If on an application made by a constable a [judge] is satisfied that one or other of the sets of access conditions is fulfilled, he may make an order under paragraph 4 below.
The first set of access conditions is fulfilled if—
(a) there are reasonable grounds for believing—
(i) that [an indictable offence] has been committed;
(ii) that there is material which consists of special procedure material or also includes special procedure material and does not also include excluded material on premises specified in the application[, or on premises occupied or controlled by a person specified in the application (including all such premises on which there are reasonable grounds for believing that there is such material as it is reasonably practicable so to specify)];
(iii) that the material is likely to be of substantial value (whether by itself or together with other material) to the investigation in connection with which the application is made; and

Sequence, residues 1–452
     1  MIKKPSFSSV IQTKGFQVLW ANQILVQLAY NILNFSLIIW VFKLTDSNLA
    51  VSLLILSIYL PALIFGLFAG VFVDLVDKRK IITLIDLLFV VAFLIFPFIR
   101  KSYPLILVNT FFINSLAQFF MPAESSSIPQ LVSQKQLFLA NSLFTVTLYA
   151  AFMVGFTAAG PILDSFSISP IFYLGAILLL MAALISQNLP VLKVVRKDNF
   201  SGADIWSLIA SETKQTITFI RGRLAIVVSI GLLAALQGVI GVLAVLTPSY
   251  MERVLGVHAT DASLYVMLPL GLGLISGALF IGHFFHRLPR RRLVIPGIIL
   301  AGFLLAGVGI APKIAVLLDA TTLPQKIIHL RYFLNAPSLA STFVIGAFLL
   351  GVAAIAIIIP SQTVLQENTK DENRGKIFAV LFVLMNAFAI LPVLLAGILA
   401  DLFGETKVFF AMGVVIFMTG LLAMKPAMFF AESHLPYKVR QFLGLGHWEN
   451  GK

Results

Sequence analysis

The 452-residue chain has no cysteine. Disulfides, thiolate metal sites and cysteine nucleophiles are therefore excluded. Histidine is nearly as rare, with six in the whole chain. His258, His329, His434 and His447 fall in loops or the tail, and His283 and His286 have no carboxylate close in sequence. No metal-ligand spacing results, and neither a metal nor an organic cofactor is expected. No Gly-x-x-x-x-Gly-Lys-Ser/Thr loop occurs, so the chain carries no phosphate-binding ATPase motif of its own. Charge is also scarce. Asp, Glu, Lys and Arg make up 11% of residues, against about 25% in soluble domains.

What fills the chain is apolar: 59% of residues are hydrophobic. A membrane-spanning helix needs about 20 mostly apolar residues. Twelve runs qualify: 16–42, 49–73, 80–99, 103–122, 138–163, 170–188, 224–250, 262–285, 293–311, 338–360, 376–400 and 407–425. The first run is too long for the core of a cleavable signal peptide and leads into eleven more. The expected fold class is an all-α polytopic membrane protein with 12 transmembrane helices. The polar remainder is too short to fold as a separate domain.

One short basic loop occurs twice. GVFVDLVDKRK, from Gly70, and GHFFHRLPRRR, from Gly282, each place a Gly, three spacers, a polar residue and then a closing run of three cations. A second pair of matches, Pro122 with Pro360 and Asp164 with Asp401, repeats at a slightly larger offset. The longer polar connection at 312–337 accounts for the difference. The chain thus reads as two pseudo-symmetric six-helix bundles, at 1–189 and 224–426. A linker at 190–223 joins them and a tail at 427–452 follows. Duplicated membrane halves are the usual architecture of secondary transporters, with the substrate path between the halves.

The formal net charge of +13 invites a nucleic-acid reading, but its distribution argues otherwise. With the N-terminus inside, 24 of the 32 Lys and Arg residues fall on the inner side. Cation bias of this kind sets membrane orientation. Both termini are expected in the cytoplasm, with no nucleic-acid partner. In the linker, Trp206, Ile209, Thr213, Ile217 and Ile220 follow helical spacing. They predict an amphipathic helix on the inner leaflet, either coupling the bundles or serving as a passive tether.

(iv) that the material is likely to be relevant evidence;
(b) other methods of obtaining the material—
(i) have been tried without success; or
(ii) have not been tried because it appeared that they were bound to fail; and
(c) it is in the public interest, having regard—
(i) to the benefit likely to accrue to the investigation if the material is obtained; and
(ii) to the circumstances under which the person in possession of the material holds it,
that the material should be produced or that access to it should be given.
The second set of access conditions is
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